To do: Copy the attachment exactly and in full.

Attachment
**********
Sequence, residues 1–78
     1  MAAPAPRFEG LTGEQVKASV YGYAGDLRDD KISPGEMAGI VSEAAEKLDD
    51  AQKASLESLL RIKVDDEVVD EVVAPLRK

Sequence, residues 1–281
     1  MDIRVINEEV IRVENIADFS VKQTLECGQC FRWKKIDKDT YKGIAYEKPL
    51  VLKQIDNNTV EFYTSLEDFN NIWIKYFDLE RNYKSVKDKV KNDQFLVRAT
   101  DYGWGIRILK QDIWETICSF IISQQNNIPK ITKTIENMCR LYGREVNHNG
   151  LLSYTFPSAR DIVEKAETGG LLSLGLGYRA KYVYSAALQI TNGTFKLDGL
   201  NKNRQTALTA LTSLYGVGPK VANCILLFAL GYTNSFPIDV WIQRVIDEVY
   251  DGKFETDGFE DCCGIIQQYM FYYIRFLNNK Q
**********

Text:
Sequence, residues 1–78
     1  MAAPAPRFEG LTGEQVKASV YGYAGDLRDD KISPGEMAGI VSEAAEKLDD
    51  AQKASLESLL RIKVDDEVVD EVVAPLRK

Sequence, residues 1–281
     1  MDIRVINEEV IRVENIADFS VKQTLECGQC FRWKKIDKDT YKGIAYEKPL
    51  VLKQIDNNTV EFYTSLEDFN NIWIKYFDLE RNYKSVKDKV KNDQFLVRAT
   101  DYGWGIRILK QDIWETICSF IISQQNNIPK ITKTIENMCR LYGREVNHNG
   151  LLSYTFPSAR DIVEKAETGG LLSLGLGYRA KYVYSAALQI TNGTFKLDGL
   201  NKNRQTALTA LTSLYGVGPK VANCILLFAL GYTNSFPIDV WIQRVIDEVY
   251  DGKFETDGFE DCCGIIQQYM FYYIRFLNNK Q